On Thu, 29 Nov 2018 at 16:28, Steve Dower email@example.com wrote:
My experience is that the first group would benefit from a larger _standard distribution_, which is not necessarily the same thing as a larger stdlib.
I'm firmly on the "smaller core, larger distribution" side of things, where we as the core team take responsibility for the bare minimum needed to be an effective language and split more functionality out to individual libraries. We then also prepare/recommend a standard distribution that bundles many of these libraries by default (Anaconda style), as well as a minimal one that is a better starting point for low-footprint systems (Miniconda style) or embedding into other apps.
For the environments I'm familiar with, a "large standard distribution" would be just as acceptable as a "large standard library". However, we have to be *very* careful that we understand each other if we're going to make a fine distinction like this. So, specifically, my requirements are:
1. The installers shipped from python.org as the "official" Windows builds would need to be the "standard distribution", not a stripped down core. People not familiar with the nuances (colleagues who want to use a Python script I wrote, corporate auditors making decisions on "what's allowed", etc) can't be expected to deal with "Python, but not the one at python.org, this one instead" or even "Python, but make sure you get this non-default download". 2. The various other distributions (Anaconda, ActiveState, ...) would need to buy into, and ship, the "standard distribution" (having to deal with debates around "I have Python", "No you don't, that distribution has different libraries" is problematic for grass-roots adoption - well, for any sort of consistent experience). This is probably both the most difficult requirement to achieve, and the one I'd have the best chance of being somewhat flexible over. But only "somewhat" flexible - we'd rapidly get bogged down in debating questions on a module-by-module basis... 3. The distribution needs to be versioned as a whole. A key point of a "standard set of modules" is not to have to deal with a combinatorial explosion of version management issues. Even "Python x.y.z with library a.b.c" offers some risks, unless the library is pretty stable (slow pace of change is, of course, one of the problems with the stdlib that proponents of a decoupled library hope to solve...)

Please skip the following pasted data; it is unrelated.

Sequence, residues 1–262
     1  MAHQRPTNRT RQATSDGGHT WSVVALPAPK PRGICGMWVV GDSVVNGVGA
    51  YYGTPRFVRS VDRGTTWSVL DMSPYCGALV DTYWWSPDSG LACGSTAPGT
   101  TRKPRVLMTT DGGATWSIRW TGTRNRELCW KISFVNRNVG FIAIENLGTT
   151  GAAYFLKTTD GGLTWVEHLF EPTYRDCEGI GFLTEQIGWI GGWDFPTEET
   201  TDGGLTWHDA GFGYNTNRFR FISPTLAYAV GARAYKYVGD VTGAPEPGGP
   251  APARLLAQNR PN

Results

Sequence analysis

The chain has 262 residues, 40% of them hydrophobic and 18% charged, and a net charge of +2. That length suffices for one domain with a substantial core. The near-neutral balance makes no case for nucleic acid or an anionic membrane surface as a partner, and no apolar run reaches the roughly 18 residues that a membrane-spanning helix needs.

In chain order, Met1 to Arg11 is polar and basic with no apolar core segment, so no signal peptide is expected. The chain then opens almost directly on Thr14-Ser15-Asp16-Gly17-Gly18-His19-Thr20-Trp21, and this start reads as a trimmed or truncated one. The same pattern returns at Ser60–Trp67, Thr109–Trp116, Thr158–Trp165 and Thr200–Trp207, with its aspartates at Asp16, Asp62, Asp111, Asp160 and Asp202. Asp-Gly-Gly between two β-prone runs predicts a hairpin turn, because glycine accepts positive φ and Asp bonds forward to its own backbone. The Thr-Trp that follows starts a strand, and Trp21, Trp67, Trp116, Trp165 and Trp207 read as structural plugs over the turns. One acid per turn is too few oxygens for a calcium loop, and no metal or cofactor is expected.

At this point, I've talked myself into a position where I don't see any practical difference between a stdlib and a standard distribution. So what I think I need is for someone to describe a concrete proposal for a "standard distribution", and explain clearly how it differs from the stdlib, and where it *fails* to meet the above criteria. Then, and only then, can I form a clear view on whether I would be OK with their version of a "standard distribution".